Monday, November 30, 2009

The Bottom (Soko)

After getting the planks bent we anchored the assembly firmly to the sawhorses and began the process of fitting the bottom to the boat.  The bottom, or soko, consists of three large timbers and we started with the largest center piece.  This timber is huge, over a foot wide, nine inches thick and some eighteen feet long.  It easily weighed over 250 pounds when we started.  We have chainfall riding on a cable across the shop which allows us to move this on and off the boat, for scribing and then shaping on a pair of sawhorses.

This timber had been roughed out with a chainsaw by my teacher and his son before I arrived here.  Here it is right side up where we are working on the edges fore and aft that meet the side planks and also hollowing the center.  The square bump you see forward is the mast step, just an integral part of the timber and not a separate piece of wood.

You can see the strap running to the chainfall and the horses to the left where we move the timber to work on it.  In the last three days we have moved this timber on and off the boat at least twenty times.  I am amazed by how incrementally my teacher fits this.  We take off just an eighth to a quarter inch of material at most at a time, each time getting a little bit closer to the final fit.  This center piece only touches along about two feet of seam at either end (that's the bow toward the camera).  We will be adding timbers along either side of this one next.  Shimojo san has told me that the final goal is a bottom timber that is about three inches thick.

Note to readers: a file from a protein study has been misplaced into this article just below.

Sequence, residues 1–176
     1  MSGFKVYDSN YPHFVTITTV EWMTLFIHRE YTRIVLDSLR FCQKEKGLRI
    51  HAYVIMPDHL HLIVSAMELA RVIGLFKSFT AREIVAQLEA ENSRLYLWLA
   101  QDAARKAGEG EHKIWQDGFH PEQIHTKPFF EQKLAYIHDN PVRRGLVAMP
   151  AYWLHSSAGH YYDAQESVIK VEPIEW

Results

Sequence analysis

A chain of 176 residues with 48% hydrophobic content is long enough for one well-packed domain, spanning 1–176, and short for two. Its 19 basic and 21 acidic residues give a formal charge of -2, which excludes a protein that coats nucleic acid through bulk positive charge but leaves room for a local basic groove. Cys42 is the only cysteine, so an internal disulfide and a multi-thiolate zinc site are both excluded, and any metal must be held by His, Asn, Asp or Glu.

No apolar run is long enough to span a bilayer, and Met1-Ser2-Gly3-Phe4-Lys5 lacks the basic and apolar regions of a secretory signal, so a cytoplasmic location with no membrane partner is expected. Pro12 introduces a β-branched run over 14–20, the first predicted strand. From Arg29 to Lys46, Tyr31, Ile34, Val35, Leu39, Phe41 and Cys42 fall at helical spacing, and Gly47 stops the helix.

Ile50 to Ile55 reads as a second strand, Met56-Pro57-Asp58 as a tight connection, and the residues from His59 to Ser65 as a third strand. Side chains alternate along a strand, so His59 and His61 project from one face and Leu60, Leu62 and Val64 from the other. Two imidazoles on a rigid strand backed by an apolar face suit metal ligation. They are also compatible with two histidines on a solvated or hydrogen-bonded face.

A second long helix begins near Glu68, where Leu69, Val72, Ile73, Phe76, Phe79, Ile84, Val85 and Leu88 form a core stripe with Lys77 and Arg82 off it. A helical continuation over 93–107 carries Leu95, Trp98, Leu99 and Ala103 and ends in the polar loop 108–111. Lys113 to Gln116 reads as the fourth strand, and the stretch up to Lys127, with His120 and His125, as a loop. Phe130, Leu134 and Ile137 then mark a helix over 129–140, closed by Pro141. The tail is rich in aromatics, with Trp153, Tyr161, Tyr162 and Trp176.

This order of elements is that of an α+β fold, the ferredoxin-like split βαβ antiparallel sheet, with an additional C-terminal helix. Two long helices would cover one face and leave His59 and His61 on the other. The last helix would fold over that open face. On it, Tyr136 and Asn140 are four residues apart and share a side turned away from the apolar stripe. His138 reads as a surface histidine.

Here Shimojo san is scribing for the next fitting.  He does this by eye, sometimes with the help of a batten.  Then its time to take the timber off the boat, trim to fit, and then rig it to move it back on.  Repeat.

Over the last three days we have planed the bottom considerably.  Its still big and heavy, but we have turned a lot of it into shavings nevertheless.  This is just the result of one fitting.  The mountain of shavings grows ever bigger.

This is looking aft from inside the hull.  If you enlarge the image you can see how we hollowed the side planking and the material we left to create thwart risers (which will support the seats later).  Some of the turnbuckles and chains we used to bend the planks are visible, along with the bars we installed to spread the planks.  The bottom timber is running down the centerline of the photograph.

Japanese youth culture is notoriously famous for its obsession with fads, be it fashion, music, dance, etc.  It seems the current fascination is watching two old men build a wooden boat, if these visiting seventeen-year-olds from Niigata Prefecture are any indication.  We are trying to enjoy the attention while it lasts.

Peace and oranges.

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